Barr bodies; the Lyon Hypothesis and dosage compensation

In 1949, Murray Barr found that staining cat cells with Feulgen, astain
that binds to DNA, often resulted in the appearance of a "drumstick" in
interphase nuclei, but only if the cat was female. Later it was learned that
cells of normal human females also have a "Barr body" and that Triplo X
females have 2 Barr bodies, per cell, Turner's none etc.

Mary Lyon correctly hypothesized that the Barr Bodies are actually
condensed, inactive X chromosomes
:She also said that:

• Every X > 1 is condensed and inactive in gene expression;

• X-inactivation occurs early in development;

• When it occurs, which X is inactivated in any cell is chance;

• The same X remains inactive in all daughter cells in subsequent

cell divisions.

The Lyon Hypothesisexplains:

Dosage compensation, that is, why normal males and females have
the same amount of gene products or enzymes coded for by sex-
linked genes;

For example, XCf/XCffemales have the same amount of
clotting factor in their blood as XCfYmales.

•Why females heterozygous for an X-linked gene can vary greatly in
expression for the gene;

•Why Tortoise Shell and Calico cats are females:

Tortoise shells (a mix of black and yellow-orange hair) are
heterozygous for a sex-linked coat color gene. (XBXb). Patches of

tissue where XBremains active are black; those where XBis
condensed and inactive are orange.

Calico cats also express a dominant gene for white spotting.

Male kittens of tortoise-shell cats are either black or orange.

(Klinefelters has been seen in cats)

A similar situation affecting the absence of sweat glands in various
parts of the body is seen in human females heterozygous for
anhidrotic ectodermic dysplasia.

Identical twin females can have quite different patterns of

There are now good X-specific and Y-specific probes for detecting the
number of X and Y chromosomes in any cell.

Genomic Imprinting

Small regions of chromosomes other than the X and Y are specifically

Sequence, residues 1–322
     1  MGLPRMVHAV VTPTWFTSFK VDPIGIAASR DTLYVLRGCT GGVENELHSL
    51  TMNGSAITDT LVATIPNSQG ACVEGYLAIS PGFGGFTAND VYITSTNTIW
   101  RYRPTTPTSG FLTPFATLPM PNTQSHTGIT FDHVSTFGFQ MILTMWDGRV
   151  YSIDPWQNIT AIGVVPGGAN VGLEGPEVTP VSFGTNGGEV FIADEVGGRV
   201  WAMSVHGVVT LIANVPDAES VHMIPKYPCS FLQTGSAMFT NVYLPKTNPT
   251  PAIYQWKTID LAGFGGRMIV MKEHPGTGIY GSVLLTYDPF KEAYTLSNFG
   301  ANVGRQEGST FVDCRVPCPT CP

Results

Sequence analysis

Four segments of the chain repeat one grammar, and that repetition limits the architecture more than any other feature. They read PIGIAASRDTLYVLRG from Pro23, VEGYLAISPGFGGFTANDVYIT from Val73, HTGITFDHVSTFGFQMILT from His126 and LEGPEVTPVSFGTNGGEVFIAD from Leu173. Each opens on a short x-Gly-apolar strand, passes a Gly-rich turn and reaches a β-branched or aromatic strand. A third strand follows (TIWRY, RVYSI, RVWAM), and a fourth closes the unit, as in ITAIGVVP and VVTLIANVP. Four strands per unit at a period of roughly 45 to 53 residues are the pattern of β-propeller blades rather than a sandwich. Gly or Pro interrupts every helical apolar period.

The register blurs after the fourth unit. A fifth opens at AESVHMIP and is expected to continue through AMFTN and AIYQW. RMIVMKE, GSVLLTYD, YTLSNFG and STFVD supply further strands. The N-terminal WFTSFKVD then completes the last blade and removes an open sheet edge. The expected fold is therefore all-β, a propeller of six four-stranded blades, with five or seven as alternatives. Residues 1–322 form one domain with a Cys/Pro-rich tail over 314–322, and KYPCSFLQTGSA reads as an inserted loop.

inactivated during male and female gametogenesis; different regions are
condensed in oogenesis than in spermatogenesis. The inactivated regions
are not expressed in the fetus, so if the normally "active" gene(s) donated
by the other parent is/are defective, an aberrant phenotype may result.

Human examples include Prader-Willi and Angelman syndromes.

Both are related to failure to express genes on chromosome 15.

In Prader-Willi, which causes mental retardation, uncontrollable
hunger, and thus obesity, the region of Chromosome 15 that is
normally active only in male gametes is missing or non-functional.
In some cases, the child is found to have 2 copies of Chromosome 15
from the mother (both copies inactive) and none from the father
(uniparental disomy).

In Angelman's, the region of chromosome 15 that is normally active
in the egg is defective, resulting in a phenotype often referred to as
"happy puppet".

Tracking inheritance of "imprinted genes" can be difficult since the
normal gene is only expressed in one sex, and the effect does not
always persist to adulthood.

Sex-Limited Traits

Many traits, especially secondary sex characteristics, are only expressed in
one sex. This does not mean that the genes are necessarily located on the
X or Y chromosomes or that the genes are not present in the other sex. A
good example is lactation, which is limited to females. However, as any
dairy farmer knows, daughters of "good bulls" give more milk.

Sex-Influenced Traits

Traits that are dominant in one sex but recessive in the other are said to
be sex influenced.

Horns in sheep, coat color in Ayrshire cattle and pattern baldnessin
humans are all good examples.

When dealing with these traits, the legend must show the sex as well as
the phenotype to describe the mode of inheritance. Note the difference in
heterozygous males and females in the example below:





IMAGE sex-related_inh01.gif




Sex hormones clearly are involved with expression of these alleles, but
again, the genes could be on any chromosome.

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